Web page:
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    I'm not happy about what I earn at my current workplace.

    I plan to negotiate this.
    If I have no luck, I have some questions.

    Would not accepting a contract for the next year so I can look for new stuff be stupid?
    In my meeting with my manager, is it worth asking what sort of time scale I'd have to accept the offer? I fear that she'll not want to be messed around.

    At the moment, I feel like the honest and best thing would be to try to get a raise. If that fails, then I explain that I can't afford to continue as I am (see if she makes any suggestions) and then begin making applications. If they're aware I'm leaving, they'd be willing to write references.
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    (Original post by Kvothe the arcane)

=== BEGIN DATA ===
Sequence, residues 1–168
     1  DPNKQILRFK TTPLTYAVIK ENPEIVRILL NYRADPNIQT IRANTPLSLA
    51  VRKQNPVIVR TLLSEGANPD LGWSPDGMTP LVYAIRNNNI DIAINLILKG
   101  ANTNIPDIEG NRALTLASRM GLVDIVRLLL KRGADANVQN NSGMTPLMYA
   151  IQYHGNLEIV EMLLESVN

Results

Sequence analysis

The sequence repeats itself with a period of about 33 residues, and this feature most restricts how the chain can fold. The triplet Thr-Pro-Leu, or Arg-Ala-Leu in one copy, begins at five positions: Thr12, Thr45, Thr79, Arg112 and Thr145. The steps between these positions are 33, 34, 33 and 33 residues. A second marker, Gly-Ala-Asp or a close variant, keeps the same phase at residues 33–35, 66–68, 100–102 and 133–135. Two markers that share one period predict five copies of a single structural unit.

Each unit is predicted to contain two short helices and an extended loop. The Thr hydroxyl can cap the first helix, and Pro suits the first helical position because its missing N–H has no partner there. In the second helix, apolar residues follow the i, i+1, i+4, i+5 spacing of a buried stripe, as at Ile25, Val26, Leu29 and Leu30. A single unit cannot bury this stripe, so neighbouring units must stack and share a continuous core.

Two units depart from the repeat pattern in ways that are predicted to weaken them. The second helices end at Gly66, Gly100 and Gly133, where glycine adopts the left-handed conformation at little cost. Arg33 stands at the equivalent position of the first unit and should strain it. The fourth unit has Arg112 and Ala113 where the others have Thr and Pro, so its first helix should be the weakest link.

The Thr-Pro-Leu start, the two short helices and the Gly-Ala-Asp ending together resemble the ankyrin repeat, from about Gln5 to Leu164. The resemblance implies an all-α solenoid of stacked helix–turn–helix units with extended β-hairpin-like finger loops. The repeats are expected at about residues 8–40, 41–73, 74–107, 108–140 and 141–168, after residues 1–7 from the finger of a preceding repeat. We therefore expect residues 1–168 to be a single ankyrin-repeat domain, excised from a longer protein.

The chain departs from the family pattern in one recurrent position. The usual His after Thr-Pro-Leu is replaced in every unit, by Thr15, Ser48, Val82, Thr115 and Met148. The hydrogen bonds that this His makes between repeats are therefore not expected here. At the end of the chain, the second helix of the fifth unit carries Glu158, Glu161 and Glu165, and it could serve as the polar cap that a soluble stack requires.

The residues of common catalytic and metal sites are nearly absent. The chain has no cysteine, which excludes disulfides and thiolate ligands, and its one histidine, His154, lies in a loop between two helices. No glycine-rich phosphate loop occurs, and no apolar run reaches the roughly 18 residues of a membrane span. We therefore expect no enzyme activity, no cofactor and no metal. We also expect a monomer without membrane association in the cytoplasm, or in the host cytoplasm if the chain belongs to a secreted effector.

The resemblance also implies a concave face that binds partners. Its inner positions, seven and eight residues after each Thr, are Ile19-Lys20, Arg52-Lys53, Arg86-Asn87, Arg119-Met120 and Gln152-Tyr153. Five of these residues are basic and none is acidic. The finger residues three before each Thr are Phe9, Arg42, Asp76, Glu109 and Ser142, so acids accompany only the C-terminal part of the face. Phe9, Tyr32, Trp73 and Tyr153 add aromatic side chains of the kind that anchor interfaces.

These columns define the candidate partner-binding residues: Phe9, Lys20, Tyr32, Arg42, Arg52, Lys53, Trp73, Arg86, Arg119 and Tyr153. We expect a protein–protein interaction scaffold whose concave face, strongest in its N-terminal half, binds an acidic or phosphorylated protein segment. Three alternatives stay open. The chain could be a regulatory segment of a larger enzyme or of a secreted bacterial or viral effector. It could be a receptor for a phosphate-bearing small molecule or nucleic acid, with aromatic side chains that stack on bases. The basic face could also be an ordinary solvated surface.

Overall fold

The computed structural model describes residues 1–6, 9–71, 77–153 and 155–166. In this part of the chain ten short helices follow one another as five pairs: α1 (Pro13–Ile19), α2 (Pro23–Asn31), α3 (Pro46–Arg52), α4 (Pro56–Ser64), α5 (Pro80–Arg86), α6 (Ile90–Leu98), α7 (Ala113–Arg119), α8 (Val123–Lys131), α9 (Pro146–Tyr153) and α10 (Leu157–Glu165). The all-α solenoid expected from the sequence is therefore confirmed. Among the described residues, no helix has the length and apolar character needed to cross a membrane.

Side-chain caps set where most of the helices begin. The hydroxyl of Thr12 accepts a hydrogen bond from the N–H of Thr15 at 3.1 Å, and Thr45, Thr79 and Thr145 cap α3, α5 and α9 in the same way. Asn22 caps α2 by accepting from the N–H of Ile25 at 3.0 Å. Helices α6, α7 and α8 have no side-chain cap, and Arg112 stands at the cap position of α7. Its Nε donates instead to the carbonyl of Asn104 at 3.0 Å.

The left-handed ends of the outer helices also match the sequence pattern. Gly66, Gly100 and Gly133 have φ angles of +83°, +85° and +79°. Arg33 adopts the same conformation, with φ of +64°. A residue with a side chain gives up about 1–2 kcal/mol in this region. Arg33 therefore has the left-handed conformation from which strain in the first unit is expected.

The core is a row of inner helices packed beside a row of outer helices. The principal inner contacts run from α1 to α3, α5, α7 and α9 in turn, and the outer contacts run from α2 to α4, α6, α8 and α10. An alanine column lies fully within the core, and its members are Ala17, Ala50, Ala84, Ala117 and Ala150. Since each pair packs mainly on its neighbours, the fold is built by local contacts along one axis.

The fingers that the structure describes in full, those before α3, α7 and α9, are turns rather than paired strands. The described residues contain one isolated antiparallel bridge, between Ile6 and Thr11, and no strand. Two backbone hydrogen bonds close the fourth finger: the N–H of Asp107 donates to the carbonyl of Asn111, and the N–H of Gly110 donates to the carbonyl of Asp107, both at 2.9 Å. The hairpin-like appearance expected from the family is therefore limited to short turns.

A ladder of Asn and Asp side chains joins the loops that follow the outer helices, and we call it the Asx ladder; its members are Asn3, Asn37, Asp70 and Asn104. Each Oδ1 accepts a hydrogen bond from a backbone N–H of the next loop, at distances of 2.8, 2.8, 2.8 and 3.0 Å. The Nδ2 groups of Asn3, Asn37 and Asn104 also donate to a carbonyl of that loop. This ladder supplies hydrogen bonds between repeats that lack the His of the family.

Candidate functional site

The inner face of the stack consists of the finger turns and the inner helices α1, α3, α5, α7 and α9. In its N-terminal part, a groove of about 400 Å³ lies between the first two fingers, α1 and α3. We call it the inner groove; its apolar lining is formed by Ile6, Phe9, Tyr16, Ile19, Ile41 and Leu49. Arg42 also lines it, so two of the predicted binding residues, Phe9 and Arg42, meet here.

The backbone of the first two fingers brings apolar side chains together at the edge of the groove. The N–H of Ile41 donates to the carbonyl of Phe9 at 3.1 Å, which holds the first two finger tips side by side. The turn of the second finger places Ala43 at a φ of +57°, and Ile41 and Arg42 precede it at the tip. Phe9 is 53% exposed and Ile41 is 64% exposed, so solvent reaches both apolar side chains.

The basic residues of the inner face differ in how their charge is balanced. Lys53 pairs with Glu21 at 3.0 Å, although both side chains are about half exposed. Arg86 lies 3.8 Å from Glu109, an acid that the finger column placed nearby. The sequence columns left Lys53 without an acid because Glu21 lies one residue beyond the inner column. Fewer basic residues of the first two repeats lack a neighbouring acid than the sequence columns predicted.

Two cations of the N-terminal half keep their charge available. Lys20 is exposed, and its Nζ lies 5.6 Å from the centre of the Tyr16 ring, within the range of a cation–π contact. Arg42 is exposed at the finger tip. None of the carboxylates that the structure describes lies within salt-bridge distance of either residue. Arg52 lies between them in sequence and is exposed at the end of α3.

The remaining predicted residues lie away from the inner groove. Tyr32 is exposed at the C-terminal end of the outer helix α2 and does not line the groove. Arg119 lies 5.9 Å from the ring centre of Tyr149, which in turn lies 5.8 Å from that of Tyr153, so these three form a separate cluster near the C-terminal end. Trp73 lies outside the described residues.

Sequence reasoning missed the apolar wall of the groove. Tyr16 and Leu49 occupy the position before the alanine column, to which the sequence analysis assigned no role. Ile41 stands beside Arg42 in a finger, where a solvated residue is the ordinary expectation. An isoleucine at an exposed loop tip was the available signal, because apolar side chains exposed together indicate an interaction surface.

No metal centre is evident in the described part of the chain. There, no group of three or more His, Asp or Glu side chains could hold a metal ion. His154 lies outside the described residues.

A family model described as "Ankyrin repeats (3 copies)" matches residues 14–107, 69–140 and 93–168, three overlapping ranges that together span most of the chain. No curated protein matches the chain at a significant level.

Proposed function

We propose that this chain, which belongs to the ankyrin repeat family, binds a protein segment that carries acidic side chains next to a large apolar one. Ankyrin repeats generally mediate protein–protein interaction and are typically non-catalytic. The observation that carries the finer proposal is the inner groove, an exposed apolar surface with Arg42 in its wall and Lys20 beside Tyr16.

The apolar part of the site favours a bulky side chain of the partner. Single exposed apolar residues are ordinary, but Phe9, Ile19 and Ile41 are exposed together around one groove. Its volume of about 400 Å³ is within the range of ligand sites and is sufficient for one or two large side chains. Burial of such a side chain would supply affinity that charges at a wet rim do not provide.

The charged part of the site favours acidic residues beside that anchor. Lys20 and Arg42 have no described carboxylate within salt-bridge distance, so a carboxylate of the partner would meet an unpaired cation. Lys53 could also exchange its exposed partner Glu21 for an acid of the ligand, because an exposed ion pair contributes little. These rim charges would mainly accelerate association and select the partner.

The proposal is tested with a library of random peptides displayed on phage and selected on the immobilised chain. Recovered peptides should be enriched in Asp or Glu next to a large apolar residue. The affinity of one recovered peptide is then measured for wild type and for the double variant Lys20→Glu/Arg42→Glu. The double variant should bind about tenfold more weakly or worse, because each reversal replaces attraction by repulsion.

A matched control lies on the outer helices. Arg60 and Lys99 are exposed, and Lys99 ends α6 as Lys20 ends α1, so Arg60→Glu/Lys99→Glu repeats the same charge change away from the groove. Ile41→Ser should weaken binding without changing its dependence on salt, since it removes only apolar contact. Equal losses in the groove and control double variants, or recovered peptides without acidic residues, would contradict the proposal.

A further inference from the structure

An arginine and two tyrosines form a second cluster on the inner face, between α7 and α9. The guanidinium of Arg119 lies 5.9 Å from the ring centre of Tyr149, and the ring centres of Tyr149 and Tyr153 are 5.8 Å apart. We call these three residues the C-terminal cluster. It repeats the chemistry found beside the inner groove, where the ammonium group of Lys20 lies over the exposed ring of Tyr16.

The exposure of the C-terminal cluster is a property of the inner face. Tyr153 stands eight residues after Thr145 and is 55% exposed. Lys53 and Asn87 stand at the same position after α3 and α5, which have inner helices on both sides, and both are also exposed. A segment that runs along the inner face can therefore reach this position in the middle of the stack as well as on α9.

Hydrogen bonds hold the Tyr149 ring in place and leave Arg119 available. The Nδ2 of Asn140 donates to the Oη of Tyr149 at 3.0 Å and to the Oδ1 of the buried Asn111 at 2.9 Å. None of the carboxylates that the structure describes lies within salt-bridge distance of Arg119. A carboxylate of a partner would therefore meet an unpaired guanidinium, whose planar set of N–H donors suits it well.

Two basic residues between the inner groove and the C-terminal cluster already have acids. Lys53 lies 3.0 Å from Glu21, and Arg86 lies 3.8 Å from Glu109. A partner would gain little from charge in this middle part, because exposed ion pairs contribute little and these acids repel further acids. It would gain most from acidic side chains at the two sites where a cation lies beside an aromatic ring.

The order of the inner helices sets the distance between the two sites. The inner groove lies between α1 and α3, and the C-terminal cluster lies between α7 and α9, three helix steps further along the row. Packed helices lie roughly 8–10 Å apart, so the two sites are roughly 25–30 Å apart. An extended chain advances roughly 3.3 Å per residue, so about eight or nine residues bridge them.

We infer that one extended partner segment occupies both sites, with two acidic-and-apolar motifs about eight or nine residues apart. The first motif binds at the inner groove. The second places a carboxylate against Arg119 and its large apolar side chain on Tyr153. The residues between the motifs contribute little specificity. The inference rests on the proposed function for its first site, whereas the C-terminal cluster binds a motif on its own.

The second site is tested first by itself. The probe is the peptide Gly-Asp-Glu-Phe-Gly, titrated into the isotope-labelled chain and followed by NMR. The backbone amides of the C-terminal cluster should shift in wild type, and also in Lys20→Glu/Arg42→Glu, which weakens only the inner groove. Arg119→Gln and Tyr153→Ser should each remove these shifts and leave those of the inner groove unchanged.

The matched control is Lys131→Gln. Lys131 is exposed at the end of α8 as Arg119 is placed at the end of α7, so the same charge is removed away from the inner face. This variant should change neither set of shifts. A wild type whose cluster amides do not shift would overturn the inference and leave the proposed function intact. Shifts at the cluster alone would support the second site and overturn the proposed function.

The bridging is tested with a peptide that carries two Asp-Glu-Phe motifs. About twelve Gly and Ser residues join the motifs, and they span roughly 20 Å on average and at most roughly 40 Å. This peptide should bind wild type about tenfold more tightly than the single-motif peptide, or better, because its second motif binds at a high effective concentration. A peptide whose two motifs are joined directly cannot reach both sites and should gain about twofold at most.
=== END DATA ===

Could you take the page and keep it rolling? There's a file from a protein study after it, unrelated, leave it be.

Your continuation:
I'm not happy about what I earn at my current workplace.

    I plan to negotiate this.
    If I have no luck, I have some questions.

    Would not accepting a contract for the next year so I can look for new stuff be stupid?
    In my meeting with my manager, is it worth asking what sort of time scale I'd have to accept the offer? I fear that she'll not want to be messed around.

    At the moment, I feel like the honest and best thing would be to try to get a raise. If that fails, then I explain that I can't afford to continue as I am (see if she makes any suggestions) and then begin making applications. If they're aware I'm leaving, they'd be willing to write references.
    Hello there, haven't replied to you in a while.

    1. It's not stupid to disregard your contract. If money motivates you that much then do so. However, it also depends on your current position, likee; are you financially stable or do you need to have continuous income. For me personally, I've left my previous job where I had much higher payy rate, the reason was that I didn't actually enjoyed it.

    2. Time scale?

    3. Careful, if they're going to write reference they will say something like 'you left because you didn't get your raise'.

    4.no

    Here, spoiler for you.
    Spoiler:
    Show